Most of us have been teleworking for quite some time now, and it is likely that after the current Covid-crisis there will be more teleworking than before. You may have wondered about the overall climate-effects of increased teleworking.
While many intuitively expect it to leads to a net decrease of CO2 emissions, several studies suggest that this may not be so: “Despite the generally positive verdict on teleworking as an energy-saving practice, there are numerous uncertainties and ambiguities about its actual or potential benefits.[…] The available evidence suggests that economy-wide energy savings are typically modest, and in many circumstances could be negative or non-existent.” (A systematic review of the energy and climate impacts of teleworking , Hook et al. 2020.04.27)
While teleworking does lead to less home-to-work commuting, there are several “rebound” effects that are likely to counter this:
- As people often combined trips to work with other trips, to school, to the doctor, shopping, culture, many of these trips stay with teleworking.
- Working at home allows saving energy at the workplace or even reducing office space, but requires more use of energy for electricity, heating and cooling at home.
- “Habitual home working could lead to people living farther from their place of work, potentially offsetting the demand reductions in energy for commuting.” (IEA)
- As rents and property prices usually decrease with distance to the urban centres, people may choose to live in more spacious homes, often leading to increased energy use.
- Workplace and homes use or not green electricity, and other factors.
Here some more articles that elaborate on these aspects:
Does working from home reduce CO2 emissions? An analysis of travel patterns as dictated by workplaces June 2020, Viana Cerqueira et al.: “The results suggest that workplace diversification is often reflected by longer average distances for work trips, which are often associated with more remote residential locations. Findings also show that for some categories, such as teleworkers and home-based workers, trade-off effects are observed between work and non-work trips, which increase CO2 emission levels. […] We also hypothesize that the development of ICT and the consequent increase in the proportion of home-based workers and teleworkers does not necessarily generate fewer CO2 emissions due to potential rebound eﬀects. […] In order to deﬁnitely prove the existence of a “rebound eﬀect”, one would probably need longitudinal data. […] Contrary to the generally accepted idea that commuting trips have a greater environmental impact, the ﬁndings of this study show that non-work trips account for a signiﬁcant share of CO2 emissions.”
Article of 20.11.2020 on a Belgium “Bureau Fédéral du Plan” study: “Impact du télétravail sur la mobilité en Belgique : un effet vraiment marginal!” [(-1,2%) for a scenario of volunartary teleworking] observed for Belgium a “redistribution of trips rather than an a strong reduction, to the disadvantage of train use. […] The non-work trips on teleworking days usually take place by car, outside rush hours, and close to the residence of teleworkers.”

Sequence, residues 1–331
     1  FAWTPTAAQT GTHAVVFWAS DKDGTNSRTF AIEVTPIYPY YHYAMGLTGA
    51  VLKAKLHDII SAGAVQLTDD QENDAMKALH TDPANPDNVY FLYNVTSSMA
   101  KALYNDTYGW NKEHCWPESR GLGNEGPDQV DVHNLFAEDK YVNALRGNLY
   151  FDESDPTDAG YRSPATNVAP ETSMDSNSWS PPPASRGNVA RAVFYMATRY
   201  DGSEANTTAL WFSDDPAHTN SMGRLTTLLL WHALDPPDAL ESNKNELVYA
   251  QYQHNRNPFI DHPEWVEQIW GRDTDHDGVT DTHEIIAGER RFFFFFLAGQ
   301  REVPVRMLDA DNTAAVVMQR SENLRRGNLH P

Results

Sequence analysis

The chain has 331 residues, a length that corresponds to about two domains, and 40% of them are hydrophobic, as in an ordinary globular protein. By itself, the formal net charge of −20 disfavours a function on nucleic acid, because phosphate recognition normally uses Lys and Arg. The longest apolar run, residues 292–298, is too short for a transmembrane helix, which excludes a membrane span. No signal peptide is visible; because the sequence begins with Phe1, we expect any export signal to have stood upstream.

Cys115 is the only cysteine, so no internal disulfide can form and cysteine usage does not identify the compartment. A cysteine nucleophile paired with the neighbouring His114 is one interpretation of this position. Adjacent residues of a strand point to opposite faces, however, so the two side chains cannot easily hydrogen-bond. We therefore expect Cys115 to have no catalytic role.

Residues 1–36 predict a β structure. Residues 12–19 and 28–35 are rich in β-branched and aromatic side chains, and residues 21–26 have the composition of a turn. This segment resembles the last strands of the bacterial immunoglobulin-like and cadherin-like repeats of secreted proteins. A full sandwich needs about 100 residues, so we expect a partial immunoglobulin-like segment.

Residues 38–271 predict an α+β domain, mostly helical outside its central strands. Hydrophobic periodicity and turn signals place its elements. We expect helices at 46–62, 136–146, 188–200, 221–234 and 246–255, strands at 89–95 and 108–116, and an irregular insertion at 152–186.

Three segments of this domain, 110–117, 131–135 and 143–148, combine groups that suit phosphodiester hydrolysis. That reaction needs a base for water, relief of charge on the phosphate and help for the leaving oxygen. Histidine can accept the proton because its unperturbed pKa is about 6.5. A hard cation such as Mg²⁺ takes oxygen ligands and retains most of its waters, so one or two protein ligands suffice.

The works of Elldér, E., 2015. “Does telework weaken urban structure–travel relationships?” Journal of Transport and Land Use, 10(1). finds that teleworkers travelled further than non-teleworkers on both teleworking and non-teleworking days: “While non-teleworkers travelled an average of 46 km per day, teleworkers travelled 54km on teleworking days and 64km on non-teleworking days.”
8.4.2020 Financial Times “EU carbon emissions tumble during lockdowns” : “The one sector where emissions have risen since the pandemic began is households, where they are almost a third higher because of the huge numbers of Europeans who are confined to their homes.”
There are also studies suggesting that teleworking does lead to net CO2 reductions, but “the more rigorous studies that include a wider range of impacts (e.g. non-work travel or home energy use) generally find smaller savings.” (A systematic review of the energy and climate impacts of teleworking , Hook et al. 2020.04.27)
Interestingly, there are also first attempts to calculate/provide calculators for the net-CO2 emissions of teleworking of specific companies: e.g. by the French Environmental Protection Agency or the consultancy Ecoact .
Of course, on the long-term, EU energy and climate policies can be expected to lead to economy-wide decarbonisation, thus also reducing the rebound effects of teleworking.
As we can see, teleworking is not the silver bullet to solve carbon emissions. It looks like if we don’t commute to work, we use the opportunity to travel for other reasons. Maybe we always wanted to travel, just we didn’t have the time and energy because of the chore of the work commute.
An advantage we experience that travel is more distributed both in space and time, which we assume is better for the environment than the overloaded peak hours of work-commutes.
Also, there are benefits for the quality of life, as we can travel more for pleasure than because we have no other choice, and we also have more freedom to choose where we live, less constrained by the location of our workplace.